Monday, January 2, 2012

*Really* Old Saybrook

Oh yes. It's another thing-I've-seen-a-hundred-times-and-not-realized-what-it-is: Fort Saybrook Monument Park. This is at the end of Old Saybrook's Main Street, or rather the road Main Street turns into after it transitions from oh-so-upscale-yet-tasteful-downtown-shopping-district to that-road-with-all-the-amazing-old-houses-on-it. (Hmm, that also describes Guilford, Madison, and probably twelve other Connecticut towns I can't think of right now.) Anyway, it's just before the land runs out and you're forced to either turn around or get onto that beautiful-but-slightly-creepy-for-reasons-I-can't-articulate little causeway. The park feels a bit like a catch-all for Old Saybrook history, located at the site of the original fortification built by Lt. Lion Gardiner at the direction of John Winthrop, Jr., "governor of the river Connecticut."

The above large statue of Gardiner, complete with drawn sword and enviable footwear, is clearly visible from the road. But it's set too far back to tell from the car who he is or what time period he's from. I always feel, when I drive ignorantly past monuments like that, like I'm slacking somehow, like I'm in fifth grade and didn't do my homework. And then when I finally get out and look at them, I feel inordinately virtuous, as if I've done some good deed. Anyway.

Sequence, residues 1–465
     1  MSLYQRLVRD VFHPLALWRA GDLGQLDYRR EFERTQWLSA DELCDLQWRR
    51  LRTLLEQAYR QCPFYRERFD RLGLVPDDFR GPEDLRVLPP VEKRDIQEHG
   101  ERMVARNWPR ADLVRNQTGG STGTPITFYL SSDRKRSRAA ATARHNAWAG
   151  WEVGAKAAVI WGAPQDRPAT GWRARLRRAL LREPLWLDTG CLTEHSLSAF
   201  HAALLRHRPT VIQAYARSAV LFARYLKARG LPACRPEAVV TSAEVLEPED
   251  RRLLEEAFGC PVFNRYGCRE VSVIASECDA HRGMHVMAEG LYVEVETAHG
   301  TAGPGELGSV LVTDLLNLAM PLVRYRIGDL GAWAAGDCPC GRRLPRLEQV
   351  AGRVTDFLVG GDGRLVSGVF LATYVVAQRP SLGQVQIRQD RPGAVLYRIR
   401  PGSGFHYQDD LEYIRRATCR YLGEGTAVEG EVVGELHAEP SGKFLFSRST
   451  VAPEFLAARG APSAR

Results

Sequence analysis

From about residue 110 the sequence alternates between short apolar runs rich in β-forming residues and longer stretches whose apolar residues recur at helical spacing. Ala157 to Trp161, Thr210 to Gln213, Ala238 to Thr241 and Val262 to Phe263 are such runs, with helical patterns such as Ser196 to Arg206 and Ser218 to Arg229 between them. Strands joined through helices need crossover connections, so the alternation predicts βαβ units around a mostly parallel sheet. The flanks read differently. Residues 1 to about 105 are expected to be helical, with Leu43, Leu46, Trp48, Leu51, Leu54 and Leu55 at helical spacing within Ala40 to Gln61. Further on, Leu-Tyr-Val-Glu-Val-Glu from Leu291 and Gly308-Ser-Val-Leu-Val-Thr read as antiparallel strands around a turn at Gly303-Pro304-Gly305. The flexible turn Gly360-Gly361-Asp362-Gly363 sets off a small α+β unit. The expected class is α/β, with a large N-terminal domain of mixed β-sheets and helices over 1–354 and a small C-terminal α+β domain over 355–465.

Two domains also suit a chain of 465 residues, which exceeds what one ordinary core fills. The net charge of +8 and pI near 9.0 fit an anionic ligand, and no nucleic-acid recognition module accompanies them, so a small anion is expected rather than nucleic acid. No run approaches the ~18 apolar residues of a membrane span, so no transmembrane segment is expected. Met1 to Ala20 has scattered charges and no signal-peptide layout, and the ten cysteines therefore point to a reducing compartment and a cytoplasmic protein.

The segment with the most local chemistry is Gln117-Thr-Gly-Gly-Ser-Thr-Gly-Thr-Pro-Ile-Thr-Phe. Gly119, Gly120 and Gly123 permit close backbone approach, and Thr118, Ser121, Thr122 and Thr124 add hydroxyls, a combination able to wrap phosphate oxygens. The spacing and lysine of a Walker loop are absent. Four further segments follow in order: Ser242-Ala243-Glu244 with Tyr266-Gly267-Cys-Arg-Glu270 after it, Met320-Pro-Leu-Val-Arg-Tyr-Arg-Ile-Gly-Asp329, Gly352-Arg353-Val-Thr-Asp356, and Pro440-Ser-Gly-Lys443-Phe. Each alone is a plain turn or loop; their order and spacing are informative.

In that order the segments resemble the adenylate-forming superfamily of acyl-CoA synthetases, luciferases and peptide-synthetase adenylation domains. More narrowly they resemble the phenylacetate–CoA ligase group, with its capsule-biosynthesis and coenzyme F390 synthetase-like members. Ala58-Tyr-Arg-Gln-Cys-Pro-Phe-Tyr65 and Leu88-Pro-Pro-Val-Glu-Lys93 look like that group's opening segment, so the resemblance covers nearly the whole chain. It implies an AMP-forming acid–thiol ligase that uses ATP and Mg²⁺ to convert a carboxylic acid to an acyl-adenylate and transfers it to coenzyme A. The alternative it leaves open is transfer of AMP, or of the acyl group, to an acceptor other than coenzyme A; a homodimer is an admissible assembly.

Much of the park itself is slightly lower than the road and therefore almost hidden until you turn into the parking lot.

And then you see...

Where the trains were turned around at the end of the line on the old Connecticut Valley Railroad. (Not what I was expecting, I have to say.) The 1636 earthworks were demolished in the construction of the Railroad in 1870-71; today a low stone wall marks the site of the fort. Trains ran from Hartford to Saybrook Point, and took two to three hours. (Which sounds like forever until you look it up and discover it's exactly the same as it would take by Amtrak today, including waiting to transfer trains in New Haven. It takes about 50 minutes by car.)

The small area devoted to the Railroad looks a bit like some old train equipment was placed in an ancient archaeological site to confuse the people of the future.

The park is 18 acres in total. From a wooden boardwalk, raised above the salt marshes where the Sound meets the Connecticut River, you can look out on tidal wetlands and sun-cast phantom fences.

One aside about Old Saybrook. I assumed, until relatively recently, that the name came from some misspelling of sea + brook. (Hey, close enough to the Sound and the River, maybe...?) But no! It comes from combining the names of two of the Plantation's English patentees, Lord Brook and Lord Saye and Sele. Which is sort of funny, though I can't say why. Maybe just because dude had an "and" in his name.

Another aside. Old Saybrook's website claims the town was "the [italics mine] site of" the Pequot War. Which is also sort of funny. I wonder what Southport thinks of that.

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